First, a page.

This resulted in a strategic shift to hiring the best we possibly could at the necessary level to slot them straight in at executive, leadership level.

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How could you afford to take on seasoned executives as a young, growing business with less gravitas than a big firm?

Lizwe-NkalaWe used Clem Sunter’s philosophy of thinking like a fox and leveraged weak spots within large companies to our advantage.

Rather than focus on the things we couldn’t offer, we looked to what we could do in order to get the top players and bring in the talent that would keep us ahead of the knowledge curve.

The Achillies heel of large, established firms is that they can’t provide every bright spark with an opportunity to grow and move up the ranks. Similarly, the corporate ladder can be a very long and arduous climb. Compared to the 50 steps an associate would need to climb to reach their career goals at a large firm, our ladder is only ten steps high and you can see the top at all times. It’s a very appealing prospect for high achievers.

Secondly, we offered them the opportunity to create their own wealth and essentially grow their own company. Each of the subsidiaries of GroupThinQ is its own Pty (Ltd) with its own constitutional structure.

GroupThinQ has an interest in all of them, but a certain portion of the ownership goes to the executive teams of those companies. I want to be surrounded by people who feel that they’ve got ownership, that they all have a stake in each of the entities, so that every morning they’re waking up to go run their own companies.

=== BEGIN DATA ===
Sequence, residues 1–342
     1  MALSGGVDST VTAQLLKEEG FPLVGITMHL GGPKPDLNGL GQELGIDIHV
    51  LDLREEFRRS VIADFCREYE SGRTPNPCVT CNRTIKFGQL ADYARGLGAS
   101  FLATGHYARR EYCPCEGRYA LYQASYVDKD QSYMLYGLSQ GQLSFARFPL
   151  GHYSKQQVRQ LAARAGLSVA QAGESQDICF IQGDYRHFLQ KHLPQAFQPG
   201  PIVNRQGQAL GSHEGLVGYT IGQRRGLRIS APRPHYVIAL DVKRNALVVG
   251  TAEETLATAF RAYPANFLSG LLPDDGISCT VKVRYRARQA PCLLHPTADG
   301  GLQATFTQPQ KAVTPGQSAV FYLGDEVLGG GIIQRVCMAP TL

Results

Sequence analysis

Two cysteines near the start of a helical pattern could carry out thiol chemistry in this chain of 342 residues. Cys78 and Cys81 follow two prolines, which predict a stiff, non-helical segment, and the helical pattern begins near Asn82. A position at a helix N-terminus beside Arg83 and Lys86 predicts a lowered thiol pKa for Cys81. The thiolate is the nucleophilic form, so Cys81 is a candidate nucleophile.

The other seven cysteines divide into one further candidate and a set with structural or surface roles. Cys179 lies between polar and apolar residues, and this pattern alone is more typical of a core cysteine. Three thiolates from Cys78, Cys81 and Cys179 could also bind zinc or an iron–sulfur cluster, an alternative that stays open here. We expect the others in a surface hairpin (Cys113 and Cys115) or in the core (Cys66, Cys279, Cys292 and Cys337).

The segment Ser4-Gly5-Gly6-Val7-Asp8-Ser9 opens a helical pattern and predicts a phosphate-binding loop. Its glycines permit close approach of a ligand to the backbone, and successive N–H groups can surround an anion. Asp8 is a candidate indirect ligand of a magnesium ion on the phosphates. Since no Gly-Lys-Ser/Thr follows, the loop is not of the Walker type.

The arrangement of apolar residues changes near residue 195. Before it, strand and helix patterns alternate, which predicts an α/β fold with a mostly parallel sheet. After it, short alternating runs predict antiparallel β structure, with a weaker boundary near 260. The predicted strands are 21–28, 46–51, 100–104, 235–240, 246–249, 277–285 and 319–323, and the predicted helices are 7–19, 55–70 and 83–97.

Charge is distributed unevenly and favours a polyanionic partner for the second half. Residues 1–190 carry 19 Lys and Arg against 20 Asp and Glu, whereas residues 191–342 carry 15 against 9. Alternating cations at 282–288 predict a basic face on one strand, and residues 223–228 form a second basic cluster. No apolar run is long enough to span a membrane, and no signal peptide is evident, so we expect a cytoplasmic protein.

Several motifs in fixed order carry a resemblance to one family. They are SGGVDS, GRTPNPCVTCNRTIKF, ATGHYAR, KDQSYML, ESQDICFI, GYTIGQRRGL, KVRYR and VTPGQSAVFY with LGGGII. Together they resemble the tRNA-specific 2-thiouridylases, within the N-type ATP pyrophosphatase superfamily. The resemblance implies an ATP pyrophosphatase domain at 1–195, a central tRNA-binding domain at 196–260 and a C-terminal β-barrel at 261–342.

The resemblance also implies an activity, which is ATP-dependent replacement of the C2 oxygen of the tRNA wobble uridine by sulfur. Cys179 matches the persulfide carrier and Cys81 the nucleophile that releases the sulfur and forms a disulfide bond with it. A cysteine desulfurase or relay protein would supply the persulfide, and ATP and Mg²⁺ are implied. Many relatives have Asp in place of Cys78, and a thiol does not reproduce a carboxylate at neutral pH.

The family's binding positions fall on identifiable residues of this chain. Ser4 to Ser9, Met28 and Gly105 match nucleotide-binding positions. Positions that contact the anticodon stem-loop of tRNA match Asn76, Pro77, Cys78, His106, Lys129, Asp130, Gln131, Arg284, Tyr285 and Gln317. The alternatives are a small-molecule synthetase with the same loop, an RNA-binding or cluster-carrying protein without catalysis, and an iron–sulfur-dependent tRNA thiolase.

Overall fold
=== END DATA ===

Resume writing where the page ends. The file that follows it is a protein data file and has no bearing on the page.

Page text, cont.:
Thirdly, we have the advantage of being a young, flexible firm. When recruiting talent, we offer them an opportunity to break out of their corporate silo and really put their talents and knowledge to work in helping create and define how things work.

It’s been so enticing that some of our recruits have accepted earning less in exchange for the opportunity to create wealth and build something of their own.

When you look at the success of Microsoft, you often only think of Bill Gates as being the real winner, but look beyond him and you’ll see he’s not the only Microsoft billionaire – there was a whole team who started with him and latched on to the opportunity to create something that is ground breaking and to grow their own legacies, and that’s where our real talent hunting clout comes from.

In any industry, you’ve got to be prepared for disruption. How are you doing this with your own group of firms?

A business that isn’t looking out for disruptors is a company at risk. Just look at the disruption caused to the metered taxi industry by the arrival of Uber. They’ve been shaken to their core because they were too comfortable and unprepared for disruption.

In the case of our group of companies, our model isn’t too far off the industry standard, but we’re cognisant that disruption can come at any time, so we’ve allowed ourselves some wiggle room to adapt when needed.

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In certain aspects we’re also the source of some industry disruption: We’re finding ways for clients to access our tools and models without necessarily needing to engage with them face to face; to charge on a drip-charge basis or on a project basis, rather than an hourly rate; and we don’t set up shop in a client’s offices for the duration of our contract.

These are all innovations because we believe the consultancy model as it exists presently will be extinct in the coming years.

Tracy Lee Nicol
Tracy-Lee Nicol is an experienced business writer and magazine editor. She was awarded a Masters degree with distinction from Rhodes university in 2010, and in the time since has honed her business acumen and writing skills profiling some of South Africa's most successful entrepreneurs, CEOs, franchisees and franchisors.Find her on Google+.